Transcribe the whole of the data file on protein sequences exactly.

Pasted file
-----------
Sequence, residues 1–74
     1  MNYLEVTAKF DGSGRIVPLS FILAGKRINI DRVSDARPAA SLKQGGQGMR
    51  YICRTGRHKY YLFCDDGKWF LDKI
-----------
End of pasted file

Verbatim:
Sequence, residues 1–74
     1  MNYLEVTAKF DGSGRIVPLS FILAGKRINI DRVSDARPAA SLKQGGQGMR
    51  YICRTGRHKY YLFCDDGKWF LDKI